And then we could declare that each “different” claw hammer was distinct and separate from all the others and you should never confuse them.

It would take a lot of study to master all of the terms. Many of those who had accomplished this would feel superior in their knowledge and education over those who did not know the “correct” terms. Even though those with the “superior” education might not be able to do the physical work half as well.

An example of this would be my late father-in-law. He lived well into his eighties and was a general contractor since the end of WWII. Bill could barely read and write. He had only a 3rd grade education and had worked on the farm all of his life. When the war came he went to France. When he came back his best friend, who had been studying for his contractor’s license, was set on consolidating his future. His friend had been better off as a child than Bill had been. He had a high school education, which was higher than most in those days. Remember in those days all you needed to get a job on any police department was an honorable discharge. He had studied hard for his contractors license and had received good grades. He had never done the work.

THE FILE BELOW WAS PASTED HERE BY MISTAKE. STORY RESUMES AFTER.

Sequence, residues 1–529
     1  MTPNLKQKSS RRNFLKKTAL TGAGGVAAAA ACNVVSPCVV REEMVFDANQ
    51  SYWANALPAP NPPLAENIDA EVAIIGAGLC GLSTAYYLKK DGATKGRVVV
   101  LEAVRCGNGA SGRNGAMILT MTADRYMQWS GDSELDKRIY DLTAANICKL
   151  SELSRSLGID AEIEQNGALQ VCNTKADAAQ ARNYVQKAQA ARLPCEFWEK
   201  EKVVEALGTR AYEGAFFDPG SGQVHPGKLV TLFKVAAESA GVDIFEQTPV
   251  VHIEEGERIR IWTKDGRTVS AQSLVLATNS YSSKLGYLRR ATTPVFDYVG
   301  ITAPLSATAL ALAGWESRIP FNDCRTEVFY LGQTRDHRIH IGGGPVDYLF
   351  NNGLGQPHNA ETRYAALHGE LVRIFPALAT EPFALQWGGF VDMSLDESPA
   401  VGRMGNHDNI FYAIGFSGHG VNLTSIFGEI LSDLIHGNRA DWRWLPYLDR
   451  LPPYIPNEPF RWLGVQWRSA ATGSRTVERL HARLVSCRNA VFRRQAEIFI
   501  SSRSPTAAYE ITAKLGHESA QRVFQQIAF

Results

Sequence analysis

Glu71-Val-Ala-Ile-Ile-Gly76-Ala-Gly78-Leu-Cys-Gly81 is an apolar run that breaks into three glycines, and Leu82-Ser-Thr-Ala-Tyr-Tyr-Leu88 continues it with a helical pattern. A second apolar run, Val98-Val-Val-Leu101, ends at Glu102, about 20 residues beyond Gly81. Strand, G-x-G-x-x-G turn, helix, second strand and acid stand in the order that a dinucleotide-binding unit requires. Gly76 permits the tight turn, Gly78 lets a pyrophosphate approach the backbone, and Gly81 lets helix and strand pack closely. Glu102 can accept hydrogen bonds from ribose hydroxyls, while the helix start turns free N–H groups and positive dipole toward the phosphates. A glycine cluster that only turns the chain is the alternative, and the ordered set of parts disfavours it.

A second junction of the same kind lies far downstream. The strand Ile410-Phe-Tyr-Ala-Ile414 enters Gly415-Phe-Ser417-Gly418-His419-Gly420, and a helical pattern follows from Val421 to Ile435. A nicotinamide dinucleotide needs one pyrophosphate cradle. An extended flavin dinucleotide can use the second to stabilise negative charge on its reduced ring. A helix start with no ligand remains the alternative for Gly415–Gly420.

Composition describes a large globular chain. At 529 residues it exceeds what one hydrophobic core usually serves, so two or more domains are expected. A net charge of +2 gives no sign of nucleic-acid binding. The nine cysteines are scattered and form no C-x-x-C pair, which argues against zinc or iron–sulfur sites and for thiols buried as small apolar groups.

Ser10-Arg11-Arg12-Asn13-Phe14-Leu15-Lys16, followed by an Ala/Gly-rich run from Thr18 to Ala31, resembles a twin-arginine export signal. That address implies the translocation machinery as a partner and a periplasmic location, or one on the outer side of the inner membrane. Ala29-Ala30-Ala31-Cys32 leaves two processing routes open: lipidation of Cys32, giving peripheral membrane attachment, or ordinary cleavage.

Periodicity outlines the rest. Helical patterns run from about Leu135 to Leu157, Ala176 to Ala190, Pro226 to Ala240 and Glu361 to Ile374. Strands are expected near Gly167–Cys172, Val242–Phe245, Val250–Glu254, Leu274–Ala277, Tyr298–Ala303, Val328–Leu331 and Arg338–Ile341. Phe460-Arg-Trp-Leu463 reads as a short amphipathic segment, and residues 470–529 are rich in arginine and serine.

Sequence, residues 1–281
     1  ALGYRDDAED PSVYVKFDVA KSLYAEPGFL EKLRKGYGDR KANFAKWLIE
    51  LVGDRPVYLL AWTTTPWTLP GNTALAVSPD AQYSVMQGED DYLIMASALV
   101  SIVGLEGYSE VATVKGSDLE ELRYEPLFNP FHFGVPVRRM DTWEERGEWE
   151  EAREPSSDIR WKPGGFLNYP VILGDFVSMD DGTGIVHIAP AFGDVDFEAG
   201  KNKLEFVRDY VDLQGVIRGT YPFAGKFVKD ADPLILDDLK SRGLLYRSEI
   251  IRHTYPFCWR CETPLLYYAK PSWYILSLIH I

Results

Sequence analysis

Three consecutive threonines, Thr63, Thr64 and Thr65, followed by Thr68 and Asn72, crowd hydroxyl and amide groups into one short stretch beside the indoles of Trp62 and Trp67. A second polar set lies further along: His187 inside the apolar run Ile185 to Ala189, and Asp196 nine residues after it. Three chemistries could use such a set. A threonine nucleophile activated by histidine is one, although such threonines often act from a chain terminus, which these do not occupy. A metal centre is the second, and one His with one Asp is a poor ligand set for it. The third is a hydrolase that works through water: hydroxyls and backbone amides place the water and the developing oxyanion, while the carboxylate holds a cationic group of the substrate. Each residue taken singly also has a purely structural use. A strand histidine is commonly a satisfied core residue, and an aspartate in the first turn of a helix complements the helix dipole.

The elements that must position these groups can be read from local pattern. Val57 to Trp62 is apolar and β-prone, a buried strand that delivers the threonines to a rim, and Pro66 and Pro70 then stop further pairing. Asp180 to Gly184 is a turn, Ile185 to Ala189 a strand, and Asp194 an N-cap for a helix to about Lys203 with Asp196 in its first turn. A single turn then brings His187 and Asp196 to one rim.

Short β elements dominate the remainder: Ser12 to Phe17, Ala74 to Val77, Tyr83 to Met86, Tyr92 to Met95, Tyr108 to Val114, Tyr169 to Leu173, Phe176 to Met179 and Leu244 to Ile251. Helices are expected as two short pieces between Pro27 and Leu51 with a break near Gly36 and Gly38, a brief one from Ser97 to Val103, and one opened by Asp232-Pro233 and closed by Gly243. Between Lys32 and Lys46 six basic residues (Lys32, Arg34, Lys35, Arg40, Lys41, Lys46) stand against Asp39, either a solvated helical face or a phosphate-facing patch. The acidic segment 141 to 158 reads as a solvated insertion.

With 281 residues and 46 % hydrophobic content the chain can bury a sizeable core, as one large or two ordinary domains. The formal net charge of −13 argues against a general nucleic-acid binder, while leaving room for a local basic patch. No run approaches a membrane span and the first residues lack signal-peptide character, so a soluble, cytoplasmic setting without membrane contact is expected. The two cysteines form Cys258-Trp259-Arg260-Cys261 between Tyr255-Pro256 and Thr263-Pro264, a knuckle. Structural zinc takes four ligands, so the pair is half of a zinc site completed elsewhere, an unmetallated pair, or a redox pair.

When it was time to go to San Francisco to take the test he did not want to go alone. He badgered Bill into going with him. Bill did not understand the need for his presence. Even though they had fought in the war together and had seen battle together, Bill was a man who could stand on his own. He had plowed the back forty for ten hours straight as a child, all alone, without any need for company. His friend had never been alone in his life.

So Bill went along. As long as he was there he went ahead and put up his three dollars to take the test.

Bill passed.

He friend did not.

They were never friends again.

His friend relied on his education to pass the test.

Bill simply pictured what he would do in any given situation, gave that as the answer, and passed.

His friend was enraged that an ignorant back woods boy had passed the test when a refined, educated, city boy like himself had not. He never forgave Bill. Nor would he ever lower himself to work for Bill.


Bill often drove me crazy because for many things he used the same words. I often did not know what he was talking about. For example: He called any thick liquid “Mud”. Coffee was mud. Cement was mud. Stucco was mud. Plaster was mud. Clay was mud.